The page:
Golembo told HINDUISM TODAY, "For the first time in my life, I came in contact with so much knowledge about yoga and allied disciplines at this conference." He wrote articles about yoga in Soviet magazines. "Russians like the spiritual, mental and physical benefits of yoga," he explained. Two years ago, he opened his own center, called "Krug" which is Russian means "circle," and he has 100 students.

"I have read many books on Hinduism, including Upanishads, Tantras and Patanjali Yoga Sutras. I was impressed by their profound knowledge," said Golembo.

Golembo is on his way to Australia to settle with his wife and two teenage children. "I feel very sad," he confided in me, "to leave my 100 students behind."

Teachers and Students Share Thoughts on yoga

The unity in Yoga Logo

Mataji Indra Devi: This lively, resplendent and elegant yoga teacher, even at age 90, exudes an inner glow. Her message: "Yoga is love, and yoga is light." Although she was born in Russia, she considers herself "spiritually related to India." She has studied yoga since 1927 under the instruction of such masters as Sri Krishnamacharya and Swami Somnathashram and has written a number of books on yoga including: Yoga for Americans, Forever Young - Forever Healthy.

Aadil Palkhivala: "Yoga is my life, my passion," says this Zoroastrian who is director of Iyengar Yoga Institute of Washington State. He says that his faith talks about perfection, good thoughts, good words and good deeds; and he can very well include yoga principles with it. An attorney by profession, he is also licensed in clinical hypnotherapy, Swedish massage and Shiatsu. "I think that more and more people will learn yoga. They will realize the folly of being entranced by materialism and the ego," says Palkhivala.

David Frawley: He has written numerous articles and books drawing on his 20 - year study and in - depth knowledge of the Vedas, yoga and ayurveda as well as Chinese and Indian herbs. Frawley has been graced with the title of Vedacharya (teacher of Vedas) by Indian scholastic authorities. "The Hindu religion in its broad sense is a point of unification for today's world. Basic Hindu religion in its broad sense is a point of unification for today's world. Basic Hindu teachings can be applied East and West."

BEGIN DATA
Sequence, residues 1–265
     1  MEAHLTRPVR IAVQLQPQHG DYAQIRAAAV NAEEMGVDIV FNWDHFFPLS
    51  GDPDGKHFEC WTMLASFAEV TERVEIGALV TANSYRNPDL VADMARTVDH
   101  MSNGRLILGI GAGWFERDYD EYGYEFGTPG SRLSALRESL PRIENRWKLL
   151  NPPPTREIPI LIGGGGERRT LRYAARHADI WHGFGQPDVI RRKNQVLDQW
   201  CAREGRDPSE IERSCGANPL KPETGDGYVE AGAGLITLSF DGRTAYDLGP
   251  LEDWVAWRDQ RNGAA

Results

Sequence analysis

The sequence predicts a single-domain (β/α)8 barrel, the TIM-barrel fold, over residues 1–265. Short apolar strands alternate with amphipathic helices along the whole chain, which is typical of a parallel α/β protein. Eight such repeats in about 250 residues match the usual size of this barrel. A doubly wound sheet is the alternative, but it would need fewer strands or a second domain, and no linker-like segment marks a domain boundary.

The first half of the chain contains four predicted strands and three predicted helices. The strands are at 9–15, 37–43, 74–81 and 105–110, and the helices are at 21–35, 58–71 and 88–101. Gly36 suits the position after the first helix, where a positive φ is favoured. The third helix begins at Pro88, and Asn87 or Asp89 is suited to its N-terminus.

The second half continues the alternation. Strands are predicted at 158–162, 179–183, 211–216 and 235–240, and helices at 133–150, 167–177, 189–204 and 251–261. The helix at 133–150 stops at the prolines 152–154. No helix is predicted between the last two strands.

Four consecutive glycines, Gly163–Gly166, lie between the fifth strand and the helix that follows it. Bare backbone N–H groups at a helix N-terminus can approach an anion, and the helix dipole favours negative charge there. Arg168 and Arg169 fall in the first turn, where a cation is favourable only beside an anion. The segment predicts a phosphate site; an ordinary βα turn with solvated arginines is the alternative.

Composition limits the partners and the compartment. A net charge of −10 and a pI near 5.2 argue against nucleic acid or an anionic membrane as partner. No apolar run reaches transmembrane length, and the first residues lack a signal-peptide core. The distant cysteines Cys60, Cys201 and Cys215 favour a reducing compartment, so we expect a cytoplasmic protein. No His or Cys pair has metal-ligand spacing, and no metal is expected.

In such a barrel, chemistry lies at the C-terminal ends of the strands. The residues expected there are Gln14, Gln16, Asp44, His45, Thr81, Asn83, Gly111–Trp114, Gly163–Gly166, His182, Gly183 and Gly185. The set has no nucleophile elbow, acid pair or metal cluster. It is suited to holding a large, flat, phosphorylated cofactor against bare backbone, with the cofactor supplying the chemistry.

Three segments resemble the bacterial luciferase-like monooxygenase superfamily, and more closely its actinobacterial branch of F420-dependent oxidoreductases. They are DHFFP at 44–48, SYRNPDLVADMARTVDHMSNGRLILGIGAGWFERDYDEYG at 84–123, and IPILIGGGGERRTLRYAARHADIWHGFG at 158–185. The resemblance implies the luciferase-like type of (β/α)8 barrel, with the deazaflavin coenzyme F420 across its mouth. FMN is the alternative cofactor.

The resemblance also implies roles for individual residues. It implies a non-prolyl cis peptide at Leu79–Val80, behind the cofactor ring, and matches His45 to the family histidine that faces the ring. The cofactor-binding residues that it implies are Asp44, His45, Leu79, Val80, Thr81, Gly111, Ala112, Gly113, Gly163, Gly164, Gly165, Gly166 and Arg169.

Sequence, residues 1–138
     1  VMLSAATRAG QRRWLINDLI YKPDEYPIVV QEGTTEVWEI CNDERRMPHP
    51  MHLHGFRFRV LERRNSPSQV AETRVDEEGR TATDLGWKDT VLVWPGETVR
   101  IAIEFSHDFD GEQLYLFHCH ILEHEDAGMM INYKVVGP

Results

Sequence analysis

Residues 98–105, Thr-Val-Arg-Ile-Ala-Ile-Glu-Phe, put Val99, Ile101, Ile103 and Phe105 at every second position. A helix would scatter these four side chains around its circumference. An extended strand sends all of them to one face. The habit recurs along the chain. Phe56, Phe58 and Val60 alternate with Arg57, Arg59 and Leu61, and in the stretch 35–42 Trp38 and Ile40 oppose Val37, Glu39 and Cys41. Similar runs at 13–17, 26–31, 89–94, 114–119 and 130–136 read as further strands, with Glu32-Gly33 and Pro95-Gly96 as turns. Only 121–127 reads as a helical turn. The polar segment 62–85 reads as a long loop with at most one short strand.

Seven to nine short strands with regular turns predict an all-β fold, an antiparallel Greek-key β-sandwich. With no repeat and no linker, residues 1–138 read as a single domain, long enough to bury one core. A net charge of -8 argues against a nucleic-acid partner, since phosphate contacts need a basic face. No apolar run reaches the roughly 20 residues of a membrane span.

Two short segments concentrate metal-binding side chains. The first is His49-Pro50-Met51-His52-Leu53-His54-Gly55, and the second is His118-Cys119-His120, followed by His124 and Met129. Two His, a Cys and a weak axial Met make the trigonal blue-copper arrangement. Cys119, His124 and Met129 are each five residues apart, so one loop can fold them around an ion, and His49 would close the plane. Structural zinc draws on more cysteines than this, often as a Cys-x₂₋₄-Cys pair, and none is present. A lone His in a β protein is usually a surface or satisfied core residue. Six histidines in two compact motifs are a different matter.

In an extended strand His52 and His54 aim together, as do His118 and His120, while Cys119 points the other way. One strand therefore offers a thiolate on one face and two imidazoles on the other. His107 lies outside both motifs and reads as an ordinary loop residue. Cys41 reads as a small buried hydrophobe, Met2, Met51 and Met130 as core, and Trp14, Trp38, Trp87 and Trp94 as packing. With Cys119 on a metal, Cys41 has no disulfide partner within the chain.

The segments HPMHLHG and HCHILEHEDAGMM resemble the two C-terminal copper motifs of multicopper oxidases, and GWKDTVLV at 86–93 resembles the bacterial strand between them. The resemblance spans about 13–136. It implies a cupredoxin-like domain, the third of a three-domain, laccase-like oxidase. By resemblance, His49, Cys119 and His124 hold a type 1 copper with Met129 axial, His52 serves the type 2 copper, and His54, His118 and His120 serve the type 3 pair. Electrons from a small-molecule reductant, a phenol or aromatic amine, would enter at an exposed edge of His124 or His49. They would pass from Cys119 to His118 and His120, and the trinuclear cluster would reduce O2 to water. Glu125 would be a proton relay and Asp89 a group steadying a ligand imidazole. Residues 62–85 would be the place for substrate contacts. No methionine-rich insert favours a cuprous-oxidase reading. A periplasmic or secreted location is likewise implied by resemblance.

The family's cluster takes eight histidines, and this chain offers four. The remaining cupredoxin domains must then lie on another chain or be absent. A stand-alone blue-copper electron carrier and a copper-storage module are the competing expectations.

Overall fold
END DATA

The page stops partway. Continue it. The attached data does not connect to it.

Noor: A Muslim of the Sufi tradition, Noor adopted the Islamic faith while living in Turkey a few years ago, taking the name "Noor" which means "Light." "I deeply believe in the spirituality of Sufi faith and can easily involve yoga in it," he said.

Swami Nishalananda: This tiny saffron - clad woman of delicate features and long flowing hair exudes a sense of warmth and love. A disciple of Swami Satchidananda, and teacher of yoga for the last 20 years, she lives in Yogaville, Virginia, yet travels all around the world as a sought - after yoga instructor and seminar lecturer. "People is my worship," asserts the Swami. "I see the light emanating from people."

Father Joe Pereira: He is a Catholic priest in Bombay, India, and also a yoga teacher in the tradition of B.K.S. Iyengar. About to begin his priesthood in 1968, he found that his health was not strong enough to meet the demanding duties. He also liked alcohol and found it difficult to maintain celibacy. He turned to yoga and found that, "The extensive training to become a Catholic priest lacked something - it lacked the holistic approach which yoga provided. The practice of yoga gave me mental and physical strength, enhanced which yoga provided. The practice of yoga gave me mental and physical strength, enhanced my entire mission as a priest, enriched my life as a person and a seeker of truth." It also solved his personal challenges. In addition to running several clinics for drug addicts, he has taught yoga to three of Indian's Catholic cardinals, successfully relieving them of their health problems.

Article copyright Himalayan Academy.